Living through this pandemic has been challenging in so many ways. Even though it’s not a fair comparison, it can be easy to feel guilty when our work or personal life is not at the same standard it was pre-pandemic. We’ve had to radically change our personal and work lives to be safe, including working from home for many of us.
Working from home can be a mixed bag. It can be an absolute nightmare when your chair is uncomfortable, your kid is crying and your office is in the kitchen. On the flip side, working from home can also be a dream when you no longer have to commute and you are able to cook your lunch on the stove and walk the dog for a break. Every person experiences working from home a little differently, depending on their personality, work environment, personal life and other factors.
This article draws on research published by Rebecca Como, Laura Hambley and José Domene in the Winter 2021 issue of Canadian Journal of Career Development.
Being kind to yourself is integral, recognizing that you have done your best to adapt to working from home along with overhauling your life to accommodate social distancing and health regulations. However, simply pausing and remembering to prioritize work-life wellness can be challenging when the world seems to be turning upside down. Many people are overworking and forgetting to switch off at the end of the day (Gambhir, 2020).
What can we do about it?
One recommendation is to set up a wellness prompt for yourself: “Breathe.” “How are you feeling?” “Go for a walk.” You could put a reminder in your phone, add it as a task on your to-do list or ask a friend to check in. Scheduling your wellness time just like you would schedule a meeting helps increase the chances that it will get done.
“Every person experiences working from home a little differently, depending on their personality, work environment, personal life and other factors.”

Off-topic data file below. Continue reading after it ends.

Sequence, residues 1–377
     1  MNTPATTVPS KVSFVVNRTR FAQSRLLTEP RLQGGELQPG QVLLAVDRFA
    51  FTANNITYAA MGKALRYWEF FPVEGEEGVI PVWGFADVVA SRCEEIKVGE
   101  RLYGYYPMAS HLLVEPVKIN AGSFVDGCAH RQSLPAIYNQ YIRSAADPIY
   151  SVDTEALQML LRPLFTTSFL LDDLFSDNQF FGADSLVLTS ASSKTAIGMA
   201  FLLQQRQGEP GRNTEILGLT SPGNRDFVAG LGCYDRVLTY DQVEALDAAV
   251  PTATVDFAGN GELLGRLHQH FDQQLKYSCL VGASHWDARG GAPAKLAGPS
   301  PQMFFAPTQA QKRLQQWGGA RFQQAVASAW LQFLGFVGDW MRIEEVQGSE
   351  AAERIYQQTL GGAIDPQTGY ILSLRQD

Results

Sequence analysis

Another strategy for remembering to prioritize work-life wellness is to implement the “Premack principle.” This involves pairing a behaviour you do often with a behaviour you do less but want to increase (Spiegler, 2016). For example, if I wanted to start meditating in the morning (a behaviour I do less), I would start meditating before I open the blinds (a behaviour I do daily). For this to be more effective, opening the blinds (the daily behaviour) would only happen after the new behaviour (meditating). You will want to pick a daily behaviour that can be delayed until you complete the new behaviour (i.e. eating or personal hygiene are not great choices for this as they are essential).
The bigger picture
Work-life wellness is greatly influenced by your employer and society. As COVID-19 continues to shine a light on what’s truly important in life (health, social connection, stability, to name a few), let’s build a Canada where wellness is prioritized in workplaces, government policies, building design and public debate. Career professionals can make a difference in this area by using regular career conversations with those who work from home as a platform for discussion around work-life wellness (Como, Hambley, & Domene, 2021).
Is your client having issues adjusting to a rapid remote work transition? Dialogue around boundaries, home life, work equipment and problem solving can support a client with issues around work-life wellness. Consider providing a complementary webinar for clients around work-life wellness or a resource list of helpful articles and tools. Career practitioners are keenly aware of the concerns facing workers. How can you advocate for workers outside of a session? Keeping the pulse on current policies up for debate in government and writing officials when appropriate is a great way to influence work-life wellness on a higher level.
If you would like to learn more about work-life wellness, please check out our other article on “Enhancing Your Work-life Wellness During Uncertain Times.”